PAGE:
Stakeholder mobilization is a prerequisite towards building 100% sanitized cities. The National Urban Sanitation Policy (NUSP) suggests constituting a multi-stakeholder task force such as the City Sanitation Task Force (CSTF) or equivalent in order to ensure the city’s stakeholders demands and ideas are being represented in the public toilet planning and management.
Cities should identify the key public toilet stakeholder and existing platforms. For instance, some cities might already have established a City Sanitation Task Force (CSTF) as part of their City Sanitation Plan (CSP) to guide the overall sanitation planning process. If public toilet management is part of the City Sanitation Plan, then CSTF might constitutes a suitable multi-stakeholder task force for public toilet management. Alternatively, a new or existing multi-stakeholder platform could be established or used to guide, oversee and steer public toilet management.
The Public Toilet Task Force is a multi-stakeholder platform that supports the public toilet planning, management and monitoring through a participatory approach. The Task Force’s main responsibilities include:
- Generate awareness amongst city’s citizens and stakeholders
- Mobilize joint actions from different public and non-government agencies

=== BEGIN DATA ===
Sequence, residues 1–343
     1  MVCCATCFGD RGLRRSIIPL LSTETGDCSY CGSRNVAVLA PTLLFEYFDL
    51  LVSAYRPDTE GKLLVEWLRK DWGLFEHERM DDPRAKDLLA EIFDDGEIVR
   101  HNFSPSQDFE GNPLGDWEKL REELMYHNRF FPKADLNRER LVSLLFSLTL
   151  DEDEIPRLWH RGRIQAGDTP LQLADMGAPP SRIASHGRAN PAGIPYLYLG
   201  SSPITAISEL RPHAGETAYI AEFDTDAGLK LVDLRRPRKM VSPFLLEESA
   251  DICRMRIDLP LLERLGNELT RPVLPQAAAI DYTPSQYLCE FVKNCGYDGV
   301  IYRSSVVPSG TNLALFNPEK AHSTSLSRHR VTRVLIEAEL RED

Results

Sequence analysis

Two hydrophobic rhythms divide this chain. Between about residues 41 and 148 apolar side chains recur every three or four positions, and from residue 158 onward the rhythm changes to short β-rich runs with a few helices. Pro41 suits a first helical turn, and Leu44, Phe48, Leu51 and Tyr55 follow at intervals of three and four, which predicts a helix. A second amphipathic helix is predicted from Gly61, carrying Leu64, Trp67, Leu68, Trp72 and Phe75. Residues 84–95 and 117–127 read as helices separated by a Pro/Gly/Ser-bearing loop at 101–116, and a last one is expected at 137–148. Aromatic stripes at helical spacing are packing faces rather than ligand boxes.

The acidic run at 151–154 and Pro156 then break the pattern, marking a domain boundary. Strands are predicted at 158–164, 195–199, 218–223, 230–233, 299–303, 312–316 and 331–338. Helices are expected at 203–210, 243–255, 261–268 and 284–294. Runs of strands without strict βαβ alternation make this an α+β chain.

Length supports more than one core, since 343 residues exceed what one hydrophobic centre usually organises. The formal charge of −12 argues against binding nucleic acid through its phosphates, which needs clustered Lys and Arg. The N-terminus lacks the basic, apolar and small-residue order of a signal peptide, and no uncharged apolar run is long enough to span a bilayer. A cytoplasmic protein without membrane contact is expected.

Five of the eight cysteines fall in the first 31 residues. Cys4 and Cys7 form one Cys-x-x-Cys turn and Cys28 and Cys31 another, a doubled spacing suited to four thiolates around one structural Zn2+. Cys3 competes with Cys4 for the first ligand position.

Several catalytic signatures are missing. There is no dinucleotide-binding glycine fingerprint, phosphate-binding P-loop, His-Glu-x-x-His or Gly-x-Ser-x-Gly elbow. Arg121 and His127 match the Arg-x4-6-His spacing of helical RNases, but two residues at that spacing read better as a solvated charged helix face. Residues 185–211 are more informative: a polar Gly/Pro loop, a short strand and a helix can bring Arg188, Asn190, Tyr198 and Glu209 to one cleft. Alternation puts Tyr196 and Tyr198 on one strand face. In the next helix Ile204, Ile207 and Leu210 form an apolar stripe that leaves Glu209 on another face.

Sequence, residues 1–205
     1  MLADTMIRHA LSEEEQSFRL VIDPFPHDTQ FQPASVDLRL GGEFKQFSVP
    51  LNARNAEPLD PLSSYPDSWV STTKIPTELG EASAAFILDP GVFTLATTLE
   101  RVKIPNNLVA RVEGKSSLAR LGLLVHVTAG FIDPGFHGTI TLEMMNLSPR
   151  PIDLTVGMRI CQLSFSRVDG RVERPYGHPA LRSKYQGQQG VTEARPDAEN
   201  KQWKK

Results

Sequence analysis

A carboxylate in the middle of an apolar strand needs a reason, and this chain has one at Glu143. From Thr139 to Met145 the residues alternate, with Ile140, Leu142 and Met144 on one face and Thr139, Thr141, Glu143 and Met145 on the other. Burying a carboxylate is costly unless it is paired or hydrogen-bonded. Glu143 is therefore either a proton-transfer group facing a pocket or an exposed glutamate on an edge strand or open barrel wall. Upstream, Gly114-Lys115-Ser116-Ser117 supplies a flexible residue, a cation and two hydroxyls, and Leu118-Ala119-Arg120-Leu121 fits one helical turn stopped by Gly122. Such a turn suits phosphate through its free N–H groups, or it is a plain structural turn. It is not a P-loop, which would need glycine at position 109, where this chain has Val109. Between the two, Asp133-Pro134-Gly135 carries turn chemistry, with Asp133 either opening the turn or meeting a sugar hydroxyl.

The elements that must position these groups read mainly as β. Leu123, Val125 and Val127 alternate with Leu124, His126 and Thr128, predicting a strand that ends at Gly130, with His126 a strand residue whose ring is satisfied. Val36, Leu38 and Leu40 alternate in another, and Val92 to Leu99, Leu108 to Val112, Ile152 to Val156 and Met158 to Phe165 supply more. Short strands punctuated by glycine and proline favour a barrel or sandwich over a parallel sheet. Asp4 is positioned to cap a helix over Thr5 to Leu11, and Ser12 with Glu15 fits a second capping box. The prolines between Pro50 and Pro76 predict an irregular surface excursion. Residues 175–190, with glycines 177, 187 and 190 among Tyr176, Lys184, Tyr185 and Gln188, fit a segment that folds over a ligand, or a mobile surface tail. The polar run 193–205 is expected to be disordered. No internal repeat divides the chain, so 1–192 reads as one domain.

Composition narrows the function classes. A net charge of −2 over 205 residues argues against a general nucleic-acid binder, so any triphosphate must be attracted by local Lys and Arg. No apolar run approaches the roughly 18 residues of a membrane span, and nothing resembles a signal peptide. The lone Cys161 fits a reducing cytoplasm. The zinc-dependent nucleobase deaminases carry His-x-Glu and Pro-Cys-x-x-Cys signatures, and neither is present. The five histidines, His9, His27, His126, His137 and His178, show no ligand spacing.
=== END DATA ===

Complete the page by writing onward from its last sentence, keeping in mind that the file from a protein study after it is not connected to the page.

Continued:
- Plan, guide and monitor the PTM process in consultation with citizens
- Ensure quality procedures, fairness and focus on deliverables
- Issue progress briefings to media and state government
The below steps should be followed in selecting a suitable platform, format and members.
Stakeholders should include citizens, public institutions, businesses and industries, civic and professional organizations, training and educational institutions that have a clear interest and role in shaping their urban environment and ensuring the provision of public toilet facilities across the city. A public toilet task force should consist of 5–20 members, depending on the size of the city.
To ensure a participatory approach, relevant stakeholders should be identified along certain selection criteria (expertise, social outreach, resources, etc.), type of involvement and their potential role in the PTM process. Guiding questions could be:
- Who benefits or is negatively affected (e.g. urban poor, policy proponents such as NGOs)?
- Who has influence (e.g. government authority, formal position)?
- Who controls resources (e.g. financial resources, technical expertise, access to social groups)?
The Public Toilet Task Force should be a registered non-statutory body and recognized through a council resolution. In case a suitable multi-stakeholder platform (at city level) exists, it can be adapted to serve as the Public Toilet Task Force. An Implementation Agency (IA) and nodal officer for the PTM should be appointed. The IA should be an Urban Local Body (ULB), preferably the municipality, and will be responsible for:
(1) devising an overall public toilet city strategy (with support of the other task force members)
(2) planning, implementing and monitoring the overall PTM and projects
(3) managing and monitoring service providers
The ULB formally notifies and publicizes the appointment of the Public Toilet Task Force and IA.
The Public Toilet Task Force should meet regularly (e.g. monthly to bi-annually) to steer the planning and monitor the provision and management of public toilet facilities across the city along the PTM process.